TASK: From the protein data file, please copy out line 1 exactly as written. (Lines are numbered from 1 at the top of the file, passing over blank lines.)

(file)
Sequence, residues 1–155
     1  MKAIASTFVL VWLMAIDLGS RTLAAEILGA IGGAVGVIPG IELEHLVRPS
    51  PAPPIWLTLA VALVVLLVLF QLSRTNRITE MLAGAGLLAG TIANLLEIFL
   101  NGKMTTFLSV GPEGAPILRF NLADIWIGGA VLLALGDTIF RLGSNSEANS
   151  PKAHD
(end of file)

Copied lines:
Sequence, residues 1–155